CACP Statement - Exemption of BC to decriminalize possession of illegal drugs
06/01/22 - 06/01/27
June 1, 2022
Click here to download copy of the statement below.
CACP Statement: Exemption of the province of British Columbia to decriminalize possession of some illegal drugs for personal use
On May 31, 2022, Health Canada announced that British Columbia has been granted a three-year exemption (January 31, 2023 to January 31, 2026) under section 56(1) of the Controlled Drugs and Substances Act to decriminalize possession of some illegal drugs for personal use.
The CACP applauds this initiative, the collaborative efforts taking place between the federal government, the province of British Columbia, health authorities, law enforcement as well as social and community organizations. The CACP is pleased to see that funds are being invested to strengthen the community infrastructure required for decriminalization to be one part of an effective solution.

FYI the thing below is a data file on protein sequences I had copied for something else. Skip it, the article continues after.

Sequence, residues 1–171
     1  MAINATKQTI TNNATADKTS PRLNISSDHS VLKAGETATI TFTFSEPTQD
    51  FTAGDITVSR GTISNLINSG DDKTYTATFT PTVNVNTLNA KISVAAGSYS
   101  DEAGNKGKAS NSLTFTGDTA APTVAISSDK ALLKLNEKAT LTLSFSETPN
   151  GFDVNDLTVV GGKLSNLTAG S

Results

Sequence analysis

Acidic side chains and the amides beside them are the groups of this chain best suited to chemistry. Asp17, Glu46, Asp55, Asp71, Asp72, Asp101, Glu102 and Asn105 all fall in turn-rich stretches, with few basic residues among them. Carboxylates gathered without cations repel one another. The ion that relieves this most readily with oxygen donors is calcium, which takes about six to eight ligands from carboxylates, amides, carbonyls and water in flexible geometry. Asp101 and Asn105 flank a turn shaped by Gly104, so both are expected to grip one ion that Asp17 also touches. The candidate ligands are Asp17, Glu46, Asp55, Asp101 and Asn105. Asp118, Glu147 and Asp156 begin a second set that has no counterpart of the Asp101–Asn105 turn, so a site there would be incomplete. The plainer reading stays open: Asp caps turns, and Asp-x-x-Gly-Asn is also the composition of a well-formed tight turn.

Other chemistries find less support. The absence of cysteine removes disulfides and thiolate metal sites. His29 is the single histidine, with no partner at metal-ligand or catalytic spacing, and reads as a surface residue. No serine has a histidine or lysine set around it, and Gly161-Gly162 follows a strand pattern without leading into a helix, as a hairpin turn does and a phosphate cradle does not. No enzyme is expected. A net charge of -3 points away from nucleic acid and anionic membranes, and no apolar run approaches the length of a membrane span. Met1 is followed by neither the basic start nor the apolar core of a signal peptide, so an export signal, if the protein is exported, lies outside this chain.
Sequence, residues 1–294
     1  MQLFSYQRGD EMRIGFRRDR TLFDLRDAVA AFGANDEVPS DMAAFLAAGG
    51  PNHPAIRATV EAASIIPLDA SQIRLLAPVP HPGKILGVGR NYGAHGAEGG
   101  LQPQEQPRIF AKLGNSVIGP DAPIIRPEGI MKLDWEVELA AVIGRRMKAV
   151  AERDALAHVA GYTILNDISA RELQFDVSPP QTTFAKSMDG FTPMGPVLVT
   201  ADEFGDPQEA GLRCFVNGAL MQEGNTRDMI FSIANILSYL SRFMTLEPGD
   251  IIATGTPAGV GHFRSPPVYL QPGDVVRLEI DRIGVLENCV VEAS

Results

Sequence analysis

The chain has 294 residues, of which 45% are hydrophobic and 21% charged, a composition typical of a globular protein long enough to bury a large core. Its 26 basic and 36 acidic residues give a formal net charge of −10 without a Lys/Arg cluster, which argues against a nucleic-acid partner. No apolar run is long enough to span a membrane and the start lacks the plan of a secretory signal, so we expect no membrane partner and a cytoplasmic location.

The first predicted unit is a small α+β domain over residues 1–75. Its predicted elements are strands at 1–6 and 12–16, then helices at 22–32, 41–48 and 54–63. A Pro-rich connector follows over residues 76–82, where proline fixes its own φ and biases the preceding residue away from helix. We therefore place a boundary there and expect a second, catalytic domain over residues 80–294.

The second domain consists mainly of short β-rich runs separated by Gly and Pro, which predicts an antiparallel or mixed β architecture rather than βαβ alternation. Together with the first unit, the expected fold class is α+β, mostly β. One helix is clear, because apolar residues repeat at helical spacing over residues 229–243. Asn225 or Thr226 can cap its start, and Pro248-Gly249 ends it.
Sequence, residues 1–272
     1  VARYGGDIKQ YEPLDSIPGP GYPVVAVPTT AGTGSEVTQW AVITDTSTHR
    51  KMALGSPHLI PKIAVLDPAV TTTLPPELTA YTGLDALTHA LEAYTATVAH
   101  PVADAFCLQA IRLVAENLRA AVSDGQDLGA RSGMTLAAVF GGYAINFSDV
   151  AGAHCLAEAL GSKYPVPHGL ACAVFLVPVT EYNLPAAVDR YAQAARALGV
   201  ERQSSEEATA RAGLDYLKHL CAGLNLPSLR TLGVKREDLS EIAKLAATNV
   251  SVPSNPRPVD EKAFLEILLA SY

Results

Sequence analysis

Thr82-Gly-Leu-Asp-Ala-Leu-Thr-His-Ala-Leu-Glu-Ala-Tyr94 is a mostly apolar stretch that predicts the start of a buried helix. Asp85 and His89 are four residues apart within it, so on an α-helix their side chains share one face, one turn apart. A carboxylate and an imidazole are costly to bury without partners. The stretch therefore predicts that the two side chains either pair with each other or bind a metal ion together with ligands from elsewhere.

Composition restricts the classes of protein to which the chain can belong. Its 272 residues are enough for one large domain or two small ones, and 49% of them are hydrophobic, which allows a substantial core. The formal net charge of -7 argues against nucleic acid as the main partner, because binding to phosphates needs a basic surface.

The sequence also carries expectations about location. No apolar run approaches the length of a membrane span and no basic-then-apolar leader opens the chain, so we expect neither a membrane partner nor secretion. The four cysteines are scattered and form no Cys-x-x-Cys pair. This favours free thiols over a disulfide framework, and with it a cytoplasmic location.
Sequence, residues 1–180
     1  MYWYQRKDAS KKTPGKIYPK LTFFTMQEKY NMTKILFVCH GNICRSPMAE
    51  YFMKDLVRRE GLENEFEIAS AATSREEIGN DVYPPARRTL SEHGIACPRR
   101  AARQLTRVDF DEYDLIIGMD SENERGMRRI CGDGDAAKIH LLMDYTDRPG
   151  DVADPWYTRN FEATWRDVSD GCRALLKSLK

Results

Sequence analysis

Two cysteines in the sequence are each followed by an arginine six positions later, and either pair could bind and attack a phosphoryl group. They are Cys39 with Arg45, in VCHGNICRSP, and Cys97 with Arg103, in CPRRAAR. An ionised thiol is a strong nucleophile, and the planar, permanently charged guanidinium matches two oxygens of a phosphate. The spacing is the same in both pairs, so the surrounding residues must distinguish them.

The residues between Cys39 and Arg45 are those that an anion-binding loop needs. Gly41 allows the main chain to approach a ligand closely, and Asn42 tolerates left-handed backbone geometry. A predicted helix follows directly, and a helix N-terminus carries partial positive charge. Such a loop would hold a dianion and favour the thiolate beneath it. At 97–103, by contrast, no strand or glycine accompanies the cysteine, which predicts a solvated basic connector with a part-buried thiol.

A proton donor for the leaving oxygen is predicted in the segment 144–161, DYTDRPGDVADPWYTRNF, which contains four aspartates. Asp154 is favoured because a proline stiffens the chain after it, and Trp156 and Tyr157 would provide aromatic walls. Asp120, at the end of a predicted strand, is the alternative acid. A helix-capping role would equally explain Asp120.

The 2.5 gram cumulative threshold that was approved by Health Canada is supported by the CACP and we will continue to remain engaged and support the ongoing monitoring and evaluation of this exemption and threshold.
The implementation of decriminalization on a trial basis, in one specific region of the country, is an excellent way to offer an immediate solution to an urgent opioid crisis, where it has been felt the most, while assessing the impact, challenges, and unintended consequences of this exception to the Controlled Drugs and Substances Act. Doing so, supports an evidence-based approach to determining whether decriminalization for simple possession of illicit drugs is a viable solution that can successfully be adopted in all regions of the country.
In the meantime, police services across Canada will continue to focus on organized crime and criminal networks trafficking dangerous substances and jeopardizing the health and safety of Canadians.